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Leading on the Edge: Extraordinary Stories and Leadership Insights from The World's Most Extreme Workplace by Rachael Robertson

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Chapter 18      image

Ambiguity and leadership go hand in hand

One of the biggest challenges for an expedition leader is to set the right tone for our combined work and home environment. There are obvious, generally accepted standards for the workplace. We are firm about bullying, choice of language, viewing of unsuitable material and, in general, being politically sensitive. ‘Political correctness’ has had a bad name since the expression emerged in the 1990s, but I really believe it in it. I don't use it in conversation, though. I use the term ‘respect’, which is basically what political correctness boils down to. It is mostly self-evident how to show respect to your colleagues when you're at work, but at home you make your own rules.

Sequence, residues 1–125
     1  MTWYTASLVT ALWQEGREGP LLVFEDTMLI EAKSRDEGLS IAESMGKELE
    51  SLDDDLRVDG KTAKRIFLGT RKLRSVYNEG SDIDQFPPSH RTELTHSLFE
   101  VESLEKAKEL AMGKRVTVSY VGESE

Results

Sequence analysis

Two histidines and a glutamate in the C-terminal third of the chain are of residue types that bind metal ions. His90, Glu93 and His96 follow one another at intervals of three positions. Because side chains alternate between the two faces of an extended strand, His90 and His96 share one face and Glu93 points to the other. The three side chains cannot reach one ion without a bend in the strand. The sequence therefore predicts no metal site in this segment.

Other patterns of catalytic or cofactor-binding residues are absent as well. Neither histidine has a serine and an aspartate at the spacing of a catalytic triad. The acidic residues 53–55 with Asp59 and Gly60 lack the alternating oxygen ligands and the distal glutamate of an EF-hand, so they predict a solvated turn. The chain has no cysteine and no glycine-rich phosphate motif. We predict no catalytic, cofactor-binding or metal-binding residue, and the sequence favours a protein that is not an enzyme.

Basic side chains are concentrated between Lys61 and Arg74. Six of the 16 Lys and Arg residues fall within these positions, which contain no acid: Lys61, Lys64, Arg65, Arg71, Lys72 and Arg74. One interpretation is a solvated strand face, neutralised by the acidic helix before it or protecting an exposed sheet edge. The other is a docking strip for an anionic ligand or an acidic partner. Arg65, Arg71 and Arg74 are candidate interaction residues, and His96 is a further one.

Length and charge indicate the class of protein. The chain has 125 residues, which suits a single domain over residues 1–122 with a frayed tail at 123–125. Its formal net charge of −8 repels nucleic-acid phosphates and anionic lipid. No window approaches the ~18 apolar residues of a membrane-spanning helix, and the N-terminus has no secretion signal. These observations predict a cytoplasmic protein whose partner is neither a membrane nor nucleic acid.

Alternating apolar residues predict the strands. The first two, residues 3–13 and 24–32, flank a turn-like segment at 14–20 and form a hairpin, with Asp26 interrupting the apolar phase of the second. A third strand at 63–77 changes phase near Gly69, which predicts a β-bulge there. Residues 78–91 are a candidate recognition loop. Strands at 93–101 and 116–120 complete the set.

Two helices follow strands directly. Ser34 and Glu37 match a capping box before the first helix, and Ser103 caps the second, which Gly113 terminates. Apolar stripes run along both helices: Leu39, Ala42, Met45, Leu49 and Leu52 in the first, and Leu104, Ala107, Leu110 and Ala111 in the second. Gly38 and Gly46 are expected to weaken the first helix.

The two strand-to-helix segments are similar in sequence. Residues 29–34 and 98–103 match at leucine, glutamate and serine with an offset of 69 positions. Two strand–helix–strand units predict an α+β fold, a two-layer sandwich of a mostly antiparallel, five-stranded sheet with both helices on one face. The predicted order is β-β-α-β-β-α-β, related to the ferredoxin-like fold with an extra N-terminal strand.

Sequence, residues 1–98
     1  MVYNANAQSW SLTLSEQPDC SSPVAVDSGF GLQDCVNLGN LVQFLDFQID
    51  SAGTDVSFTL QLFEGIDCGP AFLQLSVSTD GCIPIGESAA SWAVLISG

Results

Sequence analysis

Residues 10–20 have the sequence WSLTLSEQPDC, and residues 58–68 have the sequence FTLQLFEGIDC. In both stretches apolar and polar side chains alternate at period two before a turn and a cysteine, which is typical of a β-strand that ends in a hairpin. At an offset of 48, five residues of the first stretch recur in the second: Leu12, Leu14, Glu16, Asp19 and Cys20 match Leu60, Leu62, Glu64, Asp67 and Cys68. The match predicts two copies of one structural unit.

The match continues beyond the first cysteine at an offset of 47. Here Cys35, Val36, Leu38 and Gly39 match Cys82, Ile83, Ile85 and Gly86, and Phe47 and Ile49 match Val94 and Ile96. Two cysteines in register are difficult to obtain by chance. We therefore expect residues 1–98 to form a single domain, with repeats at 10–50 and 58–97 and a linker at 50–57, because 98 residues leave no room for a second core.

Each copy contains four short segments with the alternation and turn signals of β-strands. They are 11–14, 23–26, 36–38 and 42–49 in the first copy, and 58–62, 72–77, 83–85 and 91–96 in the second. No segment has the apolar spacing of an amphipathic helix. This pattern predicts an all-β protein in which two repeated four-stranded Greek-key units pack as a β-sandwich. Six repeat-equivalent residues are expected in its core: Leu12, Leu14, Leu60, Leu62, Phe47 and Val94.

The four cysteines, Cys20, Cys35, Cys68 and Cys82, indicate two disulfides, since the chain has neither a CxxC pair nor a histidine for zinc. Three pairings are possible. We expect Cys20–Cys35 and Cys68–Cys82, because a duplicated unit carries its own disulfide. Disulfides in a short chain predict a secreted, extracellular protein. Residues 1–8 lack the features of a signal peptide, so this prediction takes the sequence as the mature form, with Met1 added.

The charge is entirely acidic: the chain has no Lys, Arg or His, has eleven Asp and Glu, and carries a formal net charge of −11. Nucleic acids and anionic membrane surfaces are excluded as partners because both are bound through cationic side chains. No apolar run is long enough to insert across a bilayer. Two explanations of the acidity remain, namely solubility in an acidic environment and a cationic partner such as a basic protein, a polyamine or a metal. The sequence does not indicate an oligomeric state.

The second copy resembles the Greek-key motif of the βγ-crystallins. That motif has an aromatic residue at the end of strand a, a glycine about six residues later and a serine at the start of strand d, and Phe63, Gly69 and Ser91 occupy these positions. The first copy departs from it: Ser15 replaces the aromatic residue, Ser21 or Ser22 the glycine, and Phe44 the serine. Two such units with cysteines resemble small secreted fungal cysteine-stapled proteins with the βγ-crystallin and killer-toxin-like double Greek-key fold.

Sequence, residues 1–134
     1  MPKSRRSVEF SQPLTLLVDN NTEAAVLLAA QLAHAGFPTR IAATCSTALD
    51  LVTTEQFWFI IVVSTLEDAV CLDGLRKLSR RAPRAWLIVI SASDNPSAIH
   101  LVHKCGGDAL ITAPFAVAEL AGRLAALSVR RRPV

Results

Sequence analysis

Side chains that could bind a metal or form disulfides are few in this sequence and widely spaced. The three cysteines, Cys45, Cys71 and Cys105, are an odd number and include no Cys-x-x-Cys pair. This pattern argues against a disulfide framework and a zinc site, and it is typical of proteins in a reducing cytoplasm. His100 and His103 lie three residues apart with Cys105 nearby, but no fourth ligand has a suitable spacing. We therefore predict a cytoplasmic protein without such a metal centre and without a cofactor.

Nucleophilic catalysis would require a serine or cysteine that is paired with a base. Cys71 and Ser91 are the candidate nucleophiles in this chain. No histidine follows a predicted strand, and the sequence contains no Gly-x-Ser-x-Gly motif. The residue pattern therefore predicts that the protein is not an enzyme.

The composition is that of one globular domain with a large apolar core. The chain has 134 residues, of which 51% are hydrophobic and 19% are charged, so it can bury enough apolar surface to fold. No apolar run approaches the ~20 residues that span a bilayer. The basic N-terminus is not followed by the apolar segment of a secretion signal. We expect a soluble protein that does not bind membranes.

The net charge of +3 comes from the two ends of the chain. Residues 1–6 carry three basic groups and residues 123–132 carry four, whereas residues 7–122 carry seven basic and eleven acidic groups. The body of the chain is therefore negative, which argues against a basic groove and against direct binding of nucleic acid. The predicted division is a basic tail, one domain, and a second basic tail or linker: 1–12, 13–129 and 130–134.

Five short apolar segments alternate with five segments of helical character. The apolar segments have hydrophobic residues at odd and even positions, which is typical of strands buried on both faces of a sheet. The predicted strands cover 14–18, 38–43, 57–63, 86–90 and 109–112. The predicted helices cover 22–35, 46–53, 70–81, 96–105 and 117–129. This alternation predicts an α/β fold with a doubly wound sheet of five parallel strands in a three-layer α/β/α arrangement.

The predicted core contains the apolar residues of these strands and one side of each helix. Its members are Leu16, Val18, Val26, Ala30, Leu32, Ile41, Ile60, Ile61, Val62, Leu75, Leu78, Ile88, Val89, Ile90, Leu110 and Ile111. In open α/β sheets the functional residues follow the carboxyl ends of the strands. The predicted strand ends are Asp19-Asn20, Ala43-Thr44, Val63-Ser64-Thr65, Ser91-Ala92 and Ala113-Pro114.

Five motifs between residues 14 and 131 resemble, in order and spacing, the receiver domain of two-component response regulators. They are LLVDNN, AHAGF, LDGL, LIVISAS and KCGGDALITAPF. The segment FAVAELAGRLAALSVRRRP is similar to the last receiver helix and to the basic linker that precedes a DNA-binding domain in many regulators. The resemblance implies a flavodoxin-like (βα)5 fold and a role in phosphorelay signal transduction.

What you did at home back in 2004 was largely your own business. You could shout at the cat, drink yourself silly, swear like a sailor and basically do whatever you want, and your boss wouldn't know or care. As long as you fronted up to work on time and got through your work, then what happened at home stayed at home. This demarcation has been eroded since the advent of social media, smartphones and the permanent connectedness we now ‘enjoy’.

Still, in 2004 work and home were very, very distinct. But when your workplace is your home, as at Davis, that distinction completely disappears. ‘Home’ is reduced to the small room you sleep in. This means that most ...

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